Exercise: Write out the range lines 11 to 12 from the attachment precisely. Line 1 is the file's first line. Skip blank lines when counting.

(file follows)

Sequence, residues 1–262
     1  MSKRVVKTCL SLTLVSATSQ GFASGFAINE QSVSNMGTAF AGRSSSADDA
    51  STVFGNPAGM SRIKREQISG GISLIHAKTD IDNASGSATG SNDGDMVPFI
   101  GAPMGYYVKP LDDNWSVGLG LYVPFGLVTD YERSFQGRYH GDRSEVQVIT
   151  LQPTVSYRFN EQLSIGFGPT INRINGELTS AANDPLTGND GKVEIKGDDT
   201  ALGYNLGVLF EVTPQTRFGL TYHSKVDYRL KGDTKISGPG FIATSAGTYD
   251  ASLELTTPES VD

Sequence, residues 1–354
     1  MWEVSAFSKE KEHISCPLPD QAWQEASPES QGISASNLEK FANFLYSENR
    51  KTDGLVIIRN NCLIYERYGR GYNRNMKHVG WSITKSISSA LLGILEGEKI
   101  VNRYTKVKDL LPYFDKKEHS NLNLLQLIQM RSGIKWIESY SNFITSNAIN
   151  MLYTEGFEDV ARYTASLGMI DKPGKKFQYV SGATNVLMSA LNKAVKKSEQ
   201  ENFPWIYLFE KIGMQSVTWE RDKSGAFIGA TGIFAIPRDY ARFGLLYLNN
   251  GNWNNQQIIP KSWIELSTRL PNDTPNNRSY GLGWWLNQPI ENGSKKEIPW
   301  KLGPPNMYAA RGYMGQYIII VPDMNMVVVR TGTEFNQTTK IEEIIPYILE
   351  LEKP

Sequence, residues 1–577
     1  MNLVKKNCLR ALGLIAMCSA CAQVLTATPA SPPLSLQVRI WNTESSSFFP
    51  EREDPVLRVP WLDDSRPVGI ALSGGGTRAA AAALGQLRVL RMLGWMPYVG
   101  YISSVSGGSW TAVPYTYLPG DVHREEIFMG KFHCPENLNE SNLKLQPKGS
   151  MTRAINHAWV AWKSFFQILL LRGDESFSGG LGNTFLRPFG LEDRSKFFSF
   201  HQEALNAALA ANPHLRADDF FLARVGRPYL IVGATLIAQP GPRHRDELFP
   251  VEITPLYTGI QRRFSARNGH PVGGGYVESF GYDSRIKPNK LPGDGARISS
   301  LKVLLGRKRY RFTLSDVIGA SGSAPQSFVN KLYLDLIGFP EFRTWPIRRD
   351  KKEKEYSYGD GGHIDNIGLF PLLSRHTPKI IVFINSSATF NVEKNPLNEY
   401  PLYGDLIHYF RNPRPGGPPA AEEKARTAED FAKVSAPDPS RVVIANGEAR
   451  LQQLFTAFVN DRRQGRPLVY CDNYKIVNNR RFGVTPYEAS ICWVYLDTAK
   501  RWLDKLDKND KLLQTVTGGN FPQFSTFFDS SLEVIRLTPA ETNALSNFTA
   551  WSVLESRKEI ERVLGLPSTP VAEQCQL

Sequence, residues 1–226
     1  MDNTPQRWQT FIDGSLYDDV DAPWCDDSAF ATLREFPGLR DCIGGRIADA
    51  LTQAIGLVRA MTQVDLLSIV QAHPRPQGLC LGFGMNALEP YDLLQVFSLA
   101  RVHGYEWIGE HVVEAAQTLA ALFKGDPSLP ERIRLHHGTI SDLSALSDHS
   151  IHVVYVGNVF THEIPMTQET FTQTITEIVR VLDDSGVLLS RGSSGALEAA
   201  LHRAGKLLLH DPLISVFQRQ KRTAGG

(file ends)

   101  VNRYTKVKDL LPYFDKKEHS NLNLLQLIQM RSGIKWIESY SNFITSNAIN
   151  MLYTEGFEDV ARYTASLGMI DKPGKKFQYV SGATNVLMSA LNKAVKKSEQ